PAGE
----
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The most important time to make English the official language

Conservative Review

“We have room for but one flag, the American flag … We have room for but one language here, and that is the English language …” ~Teddy Roosevelt, January 3, 1919

Nothing binds us together as Americans more than the English language. For most Americans outside of the Acela corridor, the expectation that immigrants learn English cuts across partisan lines as a common-sense imperative to sustain our civilization. Yet left-wing reporters think there is something hateful and revolutionary about the principle established in the RAISE Act that immigrants who speak English should be awarded priority status in a merit-based system. After all, as CNN’s advocacy director, Jim Acosta, would tell you, the Statue of Liberty, which of course is the law of the land on immigration, doesn’t list English as a criterion for admission.

Our true history of immigration and Americanization

There was a time when the initiative to make English the official language of the country was a moot point. Until recent decades, the culture, government, and education system never catered to the balkanization of America or accommodated different languages, and thus, the de facto language was always the American mother tongue. Sure, those who immigrated as adults didn’t always know English immediately, but their children immediately learned the language as proficiently as children from native-born families. There were no other options. The school system was pure red, white, and blue.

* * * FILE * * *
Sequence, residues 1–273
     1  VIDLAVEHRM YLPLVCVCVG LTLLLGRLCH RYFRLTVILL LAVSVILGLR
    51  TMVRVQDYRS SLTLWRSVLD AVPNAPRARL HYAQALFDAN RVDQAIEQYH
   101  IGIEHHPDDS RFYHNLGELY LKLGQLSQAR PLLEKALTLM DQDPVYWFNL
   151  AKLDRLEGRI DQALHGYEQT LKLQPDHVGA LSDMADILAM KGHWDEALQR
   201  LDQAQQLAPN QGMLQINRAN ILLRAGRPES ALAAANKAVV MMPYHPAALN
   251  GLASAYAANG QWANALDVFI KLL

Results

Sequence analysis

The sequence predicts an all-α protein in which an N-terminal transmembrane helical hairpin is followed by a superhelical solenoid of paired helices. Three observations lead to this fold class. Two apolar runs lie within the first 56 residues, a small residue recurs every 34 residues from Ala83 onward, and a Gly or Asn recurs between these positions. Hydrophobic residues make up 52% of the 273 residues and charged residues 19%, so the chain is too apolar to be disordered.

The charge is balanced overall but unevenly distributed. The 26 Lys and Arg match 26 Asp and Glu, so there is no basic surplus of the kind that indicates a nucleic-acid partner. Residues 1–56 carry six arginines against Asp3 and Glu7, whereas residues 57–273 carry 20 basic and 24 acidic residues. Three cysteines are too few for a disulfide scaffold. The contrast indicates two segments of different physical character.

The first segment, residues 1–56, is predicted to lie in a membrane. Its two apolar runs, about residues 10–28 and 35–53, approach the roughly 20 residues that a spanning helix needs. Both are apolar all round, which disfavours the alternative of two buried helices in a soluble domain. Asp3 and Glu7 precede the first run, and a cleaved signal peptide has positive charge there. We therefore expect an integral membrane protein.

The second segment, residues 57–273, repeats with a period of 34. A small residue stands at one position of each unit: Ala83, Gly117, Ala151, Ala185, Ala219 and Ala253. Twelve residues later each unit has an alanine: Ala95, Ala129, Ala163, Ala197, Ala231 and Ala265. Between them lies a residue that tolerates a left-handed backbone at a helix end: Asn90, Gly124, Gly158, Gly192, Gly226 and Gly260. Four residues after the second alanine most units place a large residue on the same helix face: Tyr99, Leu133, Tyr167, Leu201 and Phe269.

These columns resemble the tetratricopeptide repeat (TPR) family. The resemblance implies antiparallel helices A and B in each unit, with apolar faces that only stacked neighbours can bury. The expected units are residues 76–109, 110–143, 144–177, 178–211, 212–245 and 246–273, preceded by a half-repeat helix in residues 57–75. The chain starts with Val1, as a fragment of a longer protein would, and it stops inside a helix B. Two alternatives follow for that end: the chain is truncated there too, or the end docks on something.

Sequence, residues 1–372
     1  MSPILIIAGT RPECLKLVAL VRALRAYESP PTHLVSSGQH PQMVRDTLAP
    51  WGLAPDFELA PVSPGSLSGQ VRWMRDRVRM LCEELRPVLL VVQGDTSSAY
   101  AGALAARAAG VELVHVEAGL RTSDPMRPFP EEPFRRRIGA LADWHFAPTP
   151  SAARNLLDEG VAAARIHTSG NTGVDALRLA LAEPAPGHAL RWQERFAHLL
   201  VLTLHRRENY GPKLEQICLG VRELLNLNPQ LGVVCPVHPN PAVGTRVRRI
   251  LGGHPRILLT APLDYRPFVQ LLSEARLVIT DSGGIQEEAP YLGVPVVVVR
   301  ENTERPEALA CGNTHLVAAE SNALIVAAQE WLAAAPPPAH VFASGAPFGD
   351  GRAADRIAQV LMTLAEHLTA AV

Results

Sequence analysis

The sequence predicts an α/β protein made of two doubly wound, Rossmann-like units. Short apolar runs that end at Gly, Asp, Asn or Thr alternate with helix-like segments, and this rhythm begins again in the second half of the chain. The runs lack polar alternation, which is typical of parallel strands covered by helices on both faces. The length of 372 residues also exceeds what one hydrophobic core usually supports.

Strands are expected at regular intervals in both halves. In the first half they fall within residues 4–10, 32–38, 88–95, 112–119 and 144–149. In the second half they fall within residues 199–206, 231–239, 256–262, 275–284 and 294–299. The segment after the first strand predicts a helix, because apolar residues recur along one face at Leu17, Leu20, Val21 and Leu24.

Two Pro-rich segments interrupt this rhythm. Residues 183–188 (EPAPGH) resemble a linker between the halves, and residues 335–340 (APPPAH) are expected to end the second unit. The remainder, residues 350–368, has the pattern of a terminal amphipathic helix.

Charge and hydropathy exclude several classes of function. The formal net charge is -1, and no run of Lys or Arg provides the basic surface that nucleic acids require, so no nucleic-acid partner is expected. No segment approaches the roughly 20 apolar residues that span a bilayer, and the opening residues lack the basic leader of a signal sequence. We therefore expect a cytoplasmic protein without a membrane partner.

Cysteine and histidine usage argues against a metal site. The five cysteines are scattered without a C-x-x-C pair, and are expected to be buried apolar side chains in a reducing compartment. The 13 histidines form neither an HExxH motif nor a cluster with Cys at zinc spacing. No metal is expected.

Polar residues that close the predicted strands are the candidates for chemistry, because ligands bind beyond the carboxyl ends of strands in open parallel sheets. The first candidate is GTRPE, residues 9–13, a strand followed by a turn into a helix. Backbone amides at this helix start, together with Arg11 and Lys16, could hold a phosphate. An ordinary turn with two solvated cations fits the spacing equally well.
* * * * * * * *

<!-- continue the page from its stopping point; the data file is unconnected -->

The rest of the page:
As former Democrat Senator Daniel Patrick Moynihan once wrote, contrary to the nostalgic revisionism of some of his colleagues regarding the poem on the Statue of Liberty, the immigrants of the Great Wave “were not the wretched refuse of anybody’s shores.” Moynihan described them in stark contrast to many from today’s massive wave, as “extraordinary, enterprising, and self-sufficient folk, who knew exactly what they were doing, and doing it quite on their own, thank you very much.”